It’s easy to believe that choice is a good thing for customers.
Doesn’t it stand to reason that more choice means that each customer will be better able to find something that meets their particular needs?
Customers hate choice.
Why? Because choice means thinking, and we avoid that whenever we can (as behavioural economics has proven over and over again).
I was put in mind of this by the latest McDonalds ad campaign, entitled “Grown Up“. In it we see a father and his little girl enjoying a day together, capped of (of course) by a trip to the golden arches.
Once there, dad is totally flummoxed by the new ordering screens, and his daughter steps in to show him what’s what, followed by the caption “The moment they surprise you”.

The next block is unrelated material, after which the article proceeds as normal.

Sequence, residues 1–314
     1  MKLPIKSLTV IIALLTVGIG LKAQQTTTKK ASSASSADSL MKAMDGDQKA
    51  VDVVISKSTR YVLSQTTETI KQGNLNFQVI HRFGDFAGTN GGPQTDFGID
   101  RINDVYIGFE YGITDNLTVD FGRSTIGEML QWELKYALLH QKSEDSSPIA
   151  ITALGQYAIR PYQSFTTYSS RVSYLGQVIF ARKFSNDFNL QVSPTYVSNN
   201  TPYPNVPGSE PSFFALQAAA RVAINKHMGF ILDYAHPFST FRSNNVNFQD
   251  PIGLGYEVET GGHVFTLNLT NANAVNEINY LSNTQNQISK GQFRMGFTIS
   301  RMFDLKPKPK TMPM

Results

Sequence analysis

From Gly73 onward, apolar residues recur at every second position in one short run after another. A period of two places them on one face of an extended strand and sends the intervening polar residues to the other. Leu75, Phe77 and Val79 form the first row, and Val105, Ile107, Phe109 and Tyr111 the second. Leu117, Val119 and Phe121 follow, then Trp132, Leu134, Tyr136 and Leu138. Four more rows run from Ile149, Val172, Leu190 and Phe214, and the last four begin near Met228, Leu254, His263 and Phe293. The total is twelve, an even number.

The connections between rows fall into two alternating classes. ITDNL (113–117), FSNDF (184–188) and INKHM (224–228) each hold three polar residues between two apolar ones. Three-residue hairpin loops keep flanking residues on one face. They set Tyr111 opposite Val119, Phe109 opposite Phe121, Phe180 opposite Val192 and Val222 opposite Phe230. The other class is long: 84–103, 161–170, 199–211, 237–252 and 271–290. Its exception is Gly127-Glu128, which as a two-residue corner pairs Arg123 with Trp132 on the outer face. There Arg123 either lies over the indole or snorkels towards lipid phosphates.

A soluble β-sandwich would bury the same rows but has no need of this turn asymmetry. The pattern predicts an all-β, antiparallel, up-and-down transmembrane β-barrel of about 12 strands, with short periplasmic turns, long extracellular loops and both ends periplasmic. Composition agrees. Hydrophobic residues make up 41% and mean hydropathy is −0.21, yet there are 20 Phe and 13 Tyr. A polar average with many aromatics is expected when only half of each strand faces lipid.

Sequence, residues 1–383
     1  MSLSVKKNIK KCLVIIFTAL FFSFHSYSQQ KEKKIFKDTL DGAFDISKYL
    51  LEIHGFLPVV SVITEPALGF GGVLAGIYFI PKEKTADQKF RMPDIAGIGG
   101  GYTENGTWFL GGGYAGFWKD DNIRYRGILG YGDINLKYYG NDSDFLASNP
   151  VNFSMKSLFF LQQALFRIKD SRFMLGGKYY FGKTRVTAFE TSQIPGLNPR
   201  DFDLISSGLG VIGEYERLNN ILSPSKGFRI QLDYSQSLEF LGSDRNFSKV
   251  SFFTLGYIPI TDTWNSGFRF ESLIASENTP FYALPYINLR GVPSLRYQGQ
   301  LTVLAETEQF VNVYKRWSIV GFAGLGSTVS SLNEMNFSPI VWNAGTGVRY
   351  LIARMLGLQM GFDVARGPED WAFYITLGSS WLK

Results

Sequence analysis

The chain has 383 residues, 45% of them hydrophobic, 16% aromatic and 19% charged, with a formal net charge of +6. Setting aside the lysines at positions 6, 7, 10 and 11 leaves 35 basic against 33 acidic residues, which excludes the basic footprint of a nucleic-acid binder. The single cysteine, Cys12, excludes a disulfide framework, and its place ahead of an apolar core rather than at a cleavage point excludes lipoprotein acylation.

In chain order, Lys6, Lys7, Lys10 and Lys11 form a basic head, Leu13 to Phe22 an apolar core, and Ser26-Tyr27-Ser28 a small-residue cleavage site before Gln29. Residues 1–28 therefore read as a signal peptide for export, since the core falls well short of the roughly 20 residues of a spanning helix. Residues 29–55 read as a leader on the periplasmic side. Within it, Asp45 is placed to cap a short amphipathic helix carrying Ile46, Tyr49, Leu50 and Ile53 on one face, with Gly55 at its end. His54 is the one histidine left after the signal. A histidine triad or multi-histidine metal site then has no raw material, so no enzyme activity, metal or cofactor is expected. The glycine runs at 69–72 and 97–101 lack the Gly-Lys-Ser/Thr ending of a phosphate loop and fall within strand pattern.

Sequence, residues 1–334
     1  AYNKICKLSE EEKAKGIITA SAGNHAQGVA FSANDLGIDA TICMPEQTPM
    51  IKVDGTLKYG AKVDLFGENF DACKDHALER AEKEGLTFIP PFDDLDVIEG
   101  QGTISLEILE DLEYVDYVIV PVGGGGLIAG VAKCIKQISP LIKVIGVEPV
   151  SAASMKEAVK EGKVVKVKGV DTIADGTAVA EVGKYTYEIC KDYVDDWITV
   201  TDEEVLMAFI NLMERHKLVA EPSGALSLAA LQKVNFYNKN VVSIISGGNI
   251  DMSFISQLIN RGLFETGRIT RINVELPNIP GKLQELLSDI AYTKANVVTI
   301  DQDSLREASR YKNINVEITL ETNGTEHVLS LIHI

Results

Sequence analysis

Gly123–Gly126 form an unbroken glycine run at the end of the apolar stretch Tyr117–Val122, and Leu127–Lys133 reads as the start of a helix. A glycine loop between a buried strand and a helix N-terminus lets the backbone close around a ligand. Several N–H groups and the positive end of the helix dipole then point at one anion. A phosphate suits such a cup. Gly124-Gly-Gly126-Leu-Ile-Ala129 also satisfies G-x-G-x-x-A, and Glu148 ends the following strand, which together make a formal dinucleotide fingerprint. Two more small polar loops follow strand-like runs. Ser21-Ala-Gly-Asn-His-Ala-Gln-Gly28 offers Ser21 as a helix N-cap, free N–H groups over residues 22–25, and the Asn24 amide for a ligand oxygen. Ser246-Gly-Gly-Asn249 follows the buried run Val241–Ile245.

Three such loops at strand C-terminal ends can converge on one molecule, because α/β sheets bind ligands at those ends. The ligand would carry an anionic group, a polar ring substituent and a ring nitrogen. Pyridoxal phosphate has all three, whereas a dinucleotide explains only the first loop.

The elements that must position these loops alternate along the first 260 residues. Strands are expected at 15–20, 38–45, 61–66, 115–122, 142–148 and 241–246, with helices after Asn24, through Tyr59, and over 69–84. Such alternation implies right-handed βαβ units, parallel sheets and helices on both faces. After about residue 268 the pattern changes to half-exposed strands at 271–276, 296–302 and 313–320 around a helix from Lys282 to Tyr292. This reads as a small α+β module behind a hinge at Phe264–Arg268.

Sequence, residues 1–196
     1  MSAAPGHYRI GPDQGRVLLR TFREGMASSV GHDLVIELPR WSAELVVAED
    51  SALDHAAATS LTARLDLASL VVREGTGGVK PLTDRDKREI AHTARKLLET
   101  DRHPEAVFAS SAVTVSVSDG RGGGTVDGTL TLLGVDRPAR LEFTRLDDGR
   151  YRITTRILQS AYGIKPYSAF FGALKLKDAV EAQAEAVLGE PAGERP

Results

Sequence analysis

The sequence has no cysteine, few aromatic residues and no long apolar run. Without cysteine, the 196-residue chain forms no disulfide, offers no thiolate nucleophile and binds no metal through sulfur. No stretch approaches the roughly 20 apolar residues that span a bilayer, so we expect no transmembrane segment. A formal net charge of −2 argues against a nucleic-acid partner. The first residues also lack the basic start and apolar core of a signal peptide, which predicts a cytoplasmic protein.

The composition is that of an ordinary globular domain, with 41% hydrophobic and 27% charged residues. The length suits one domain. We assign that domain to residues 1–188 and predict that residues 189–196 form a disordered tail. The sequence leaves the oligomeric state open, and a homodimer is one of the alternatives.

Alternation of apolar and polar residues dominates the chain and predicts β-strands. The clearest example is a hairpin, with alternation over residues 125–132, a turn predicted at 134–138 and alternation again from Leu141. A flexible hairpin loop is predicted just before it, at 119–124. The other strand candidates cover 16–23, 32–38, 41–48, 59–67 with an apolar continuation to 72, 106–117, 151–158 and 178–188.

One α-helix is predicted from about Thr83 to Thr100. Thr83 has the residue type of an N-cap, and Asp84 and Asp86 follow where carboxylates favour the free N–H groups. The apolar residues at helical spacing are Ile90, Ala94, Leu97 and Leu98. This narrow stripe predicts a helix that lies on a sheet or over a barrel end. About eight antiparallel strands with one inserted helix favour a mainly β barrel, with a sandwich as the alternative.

Dad’s slight bemusement is a familiar feeling for a lot of parents, watching their kids instantly intuit how to use the latest dizzyingly complex technology.
It must also be a sign, I think, the McDonalds has been getting some feedback that its ordering screens are not seen as easy to use. Why not? I suspect because there are simply too many choices.
The choices aren’t new, but customers used to be shielded from them by staff.
One of the big customer experience challenges for organisations, as self-serve and digital journeys become more common, is how to preserve flexibility without overloading customers with choice. In many cases, AI offers a possible solution. More often, we’d be better off simplifying the journey with sensible (and popular) defaults.